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New Trends in Motorcycling – Automatics!

It’s time for a major change in motorcycling.  

Really?  How many times have you heard that one. It’s interesting – over the years, motorcycles have experienced some amazing technological advances – ABS, Traction Control, Ride-by-Wire, Active Suspensions…even specialized protective gear. All of these technologies are aimed at providing extra safety for our riding pleasure. They’re all good.



Ridley Auto-Glide

But what technologies and inventions have you seen that make biking easier? Well, you might say, today’s advanced bikes are better balanced than yesteryear’s – and you’d be right. But I really mean ‘easier’.

- Easier to learn to ride, easier to ride, easier to cruise.
- Easier for novices and aged drivers alike.
- Easier for those who have never used a clutch.
- Easier for those who’ve never been exposed to the bare-bones riding elements, as we have.

Ergonomically? With changes in hand controls, brakes, electronic ride controls? Nothing.  
Oh, wait a minute!  Everything!!

Some manufacturers have made shiftless bikes – automatic or shift-free bikes using CVT transmissions. Great news!

And how have Canadians fared in this area?  Horribly. 

I wonder why. To start with, Canadians are getting older… here are some facts: 1 in 5 Canadians are now aged 65+, and by 2013, that will be 1 in 4*1. In fact, back in 2012, 21 per cent of Canadians were over the age of 60. By 2030, that proportion is projected to rise to about 28.5 per cent, and by 2050, 31 per cent — nearly a third of all Canadians*2. When these seniors want to continue motorcycling (with arthritis), it’s only a matter of time until their hands and feet find shifting tougher and tougher. Here’s another example, having nothing to do with age - You want to ride with your friend or spouse or mistress (good for you!), but he or she doesn’t want to learn how to use a clutch. Do you just give up, or get your friend or partner a scooter?

Well, you’ve seen my articles on next-gen scooters and how great they are, that’s one way to go.  But, some bikers only want motorcycles – and who can blame them for all they offer?  So, if you chose motorcycles, you now have 2 choices - ‘automatic’ (gas) motorcycles, or electric ones.

Automatic motorcycles aren’t new. Honda had introduced them some years ago, but because the bike was expensive and improperly weighted, it wasn’t a runaway success.  Either was the Aprilia Mana, or the Ridley Auto-Glide.  That’s too bad, as that early lack of success ruined the path for Honda’s revolutionary CTX-700N DCT model in Canada. Automatic motorcycles look, handle, and are as powerful as the motorcycles we’ve been used to. But when it comes to shifting, they use a CVT-like transmission, allowing the rider to concentrate on other biking essentials, such as balance, monitoring traffic and road conditions. Only upon very close inspection would anyone realize your motorcycle is shift-less.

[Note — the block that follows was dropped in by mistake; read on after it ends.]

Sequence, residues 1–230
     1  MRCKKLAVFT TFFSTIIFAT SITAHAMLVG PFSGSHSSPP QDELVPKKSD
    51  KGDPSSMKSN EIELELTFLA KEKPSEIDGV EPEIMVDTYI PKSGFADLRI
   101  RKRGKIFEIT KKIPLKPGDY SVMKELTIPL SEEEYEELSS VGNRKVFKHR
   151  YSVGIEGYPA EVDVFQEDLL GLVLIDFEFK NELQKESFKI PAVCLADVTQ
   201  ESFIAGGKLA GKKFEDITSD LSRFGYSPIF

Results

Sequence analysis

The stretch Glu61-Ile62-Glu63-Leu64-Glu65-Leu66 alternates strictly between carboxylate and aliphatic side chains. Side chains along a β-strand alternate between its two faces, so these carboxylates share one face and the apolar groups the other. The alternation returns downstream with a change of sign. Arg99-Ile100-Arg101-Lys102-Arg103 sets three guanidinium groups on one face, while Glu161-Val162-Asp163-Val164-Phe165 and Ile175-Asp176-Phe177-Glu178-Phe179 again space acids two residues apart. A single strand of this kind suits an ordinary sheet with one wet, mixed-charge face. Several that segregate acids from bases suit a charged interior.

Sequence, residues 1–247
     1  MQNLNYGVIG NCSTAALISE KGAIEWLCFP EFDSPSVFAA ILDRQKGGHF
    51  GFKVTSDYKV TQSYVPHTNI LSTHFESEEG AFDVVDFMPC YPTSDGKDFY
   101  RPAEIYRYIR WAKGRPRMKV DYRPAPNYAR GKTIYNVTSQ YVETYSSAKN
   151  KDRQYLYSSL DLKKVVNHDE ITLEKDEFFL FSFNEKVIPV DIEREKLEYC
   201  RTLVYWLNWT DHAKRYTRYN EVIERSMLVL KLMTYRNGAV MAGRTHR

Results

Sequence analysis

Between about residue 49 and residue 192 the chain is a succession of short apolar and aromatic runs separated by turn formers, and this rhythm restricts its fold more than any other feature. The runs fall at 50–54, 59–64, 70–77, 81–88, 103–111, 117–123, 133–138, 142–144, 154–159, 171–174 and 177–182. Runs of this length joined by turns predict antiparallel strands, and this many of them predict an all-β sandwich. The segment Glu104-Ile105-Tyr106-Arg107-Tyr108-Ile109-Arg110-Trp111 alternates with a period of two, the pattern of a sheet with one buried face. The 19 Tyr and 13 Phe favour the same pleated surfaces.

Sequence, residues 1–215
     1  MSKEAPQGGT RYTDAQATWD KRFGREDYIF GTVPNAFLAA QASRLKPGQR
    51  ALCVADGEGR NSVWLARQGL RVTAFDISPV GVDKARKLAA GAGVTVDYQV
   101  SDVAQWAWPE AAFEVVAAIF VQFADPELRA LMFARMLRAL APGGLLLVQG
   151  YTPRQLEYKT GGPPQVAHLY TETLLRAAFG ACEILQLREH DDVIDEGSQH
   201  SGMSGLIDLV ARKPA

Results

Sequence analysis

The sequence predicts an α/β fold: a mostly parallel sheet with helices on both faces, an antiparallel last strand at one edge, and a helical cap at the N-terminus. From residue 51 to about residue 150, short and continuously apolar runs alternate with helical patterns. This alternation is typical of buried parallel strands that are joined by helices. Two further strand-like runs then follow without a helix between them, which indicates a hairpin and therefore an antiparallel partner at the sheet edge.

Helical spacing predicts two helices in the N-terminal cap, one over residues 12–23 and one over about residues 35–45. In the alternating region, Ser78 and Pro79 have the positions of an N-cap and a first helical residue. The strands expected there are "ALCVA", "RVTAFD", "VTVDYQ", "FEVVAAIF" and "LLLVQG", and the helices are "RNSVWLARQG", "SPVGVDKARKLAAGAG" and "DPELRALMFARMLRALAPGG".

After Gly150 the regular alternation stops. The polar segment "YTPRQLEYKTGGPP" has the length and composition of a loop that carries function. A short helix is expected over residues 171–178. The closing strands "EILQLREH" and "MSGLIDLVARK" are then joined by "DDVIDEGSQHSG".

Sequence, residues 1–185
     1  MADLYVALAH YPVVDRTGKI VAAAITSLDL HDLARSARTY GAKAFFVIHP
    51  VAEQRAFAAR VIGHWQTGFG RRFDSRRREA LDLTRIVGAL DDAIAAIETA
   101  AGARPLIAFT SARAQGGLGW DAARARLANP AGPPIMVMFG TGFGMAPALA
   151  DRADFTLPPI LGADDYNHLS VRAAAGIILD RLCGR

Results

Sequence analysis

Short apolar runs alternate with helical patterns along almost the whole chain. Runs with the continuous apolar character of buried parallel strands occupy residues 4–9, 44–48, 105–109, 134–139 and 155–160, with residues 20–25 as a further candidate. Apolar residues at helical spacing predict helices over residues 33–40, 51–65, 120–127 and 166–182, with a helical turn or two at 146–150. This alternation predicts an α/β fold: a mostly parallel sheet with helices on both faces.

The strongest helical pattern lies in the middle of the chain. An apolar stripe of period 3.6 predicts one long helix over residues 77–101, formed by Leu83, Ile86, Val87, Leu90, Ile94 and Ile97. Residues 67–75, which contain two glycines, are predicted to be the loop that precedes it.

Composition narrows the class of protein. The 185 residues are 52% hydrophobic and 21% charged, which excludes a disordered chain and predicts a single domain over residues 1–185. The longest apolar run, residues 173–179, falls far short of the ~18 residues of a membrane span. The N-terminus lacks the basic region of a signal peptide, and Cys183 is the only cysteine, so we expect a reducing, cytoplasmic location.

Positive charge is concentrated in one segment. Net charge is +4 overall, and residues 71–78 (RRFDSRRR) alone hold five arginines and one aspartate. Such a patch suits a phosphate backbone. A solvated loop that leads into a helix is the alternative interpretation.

Aprilia 850 Mana


Honda’s CTX-700N DCT

So, what choices do you have if you want an ‘automatic’ motorcycle in Canada?  Well, this is where the short-sightedness of various manufacturers has let us down.  It’s not news that Canada poses an issue to vehicle manufacturers – because of our unique vehicle regulations and inordinate taxes, we often get the dregs of their vehicles.  For instance, I had a MazdaSpeed 3 (great car!) and I didn’t get anywhere close to the interior goodies that Americans got - for a far higher price. The same principle applies to motorcycles. So, that’s one reason why we don’t get the same varied bike selection as our fellow Americans. The other reason is Canadian marketers – far fewer vehicles are sold in Canada, so analytically obsessed marketers must be sure those sales will occur. As a result, while American Honda dealers are seeing resurgence in DCT automatic motorcycle sales, we don’t even get the choice of being able to buy one. You can always buy one in the U.S. (this is OK with Transport Canada’s rulings), but you’d need to check with Honda Canada if you can transfer warranty. Regardless, you’ll pay a fortune in extra taxes & transportation.

Back to Honda – they’re way ahead of the crowd with the CTX-700N DCT. The ½ Honda Fit power-plant’s low-slung’s centre of gravity makes riding and balancing this bike easy, especially for beginners. All controls are within easy reach and quite ergonomic – sit on one and you’ll know what I mean. Its suspension is competent; its street manners are near-perfect. By no stretch of the imagination is this a street rocket, but it’s not meant to be. Pricing is within just about every biker’s reach. This is a thoroughly modern bike line, so kudos goes out to Honda for their foresight. But… we Canadians don’t get to celebrate. And Honda wonders why the standard (ie shift) models in Canada are selling fine, but not wildly! Honda – you came so close – but no cigar for your Canadian market managers.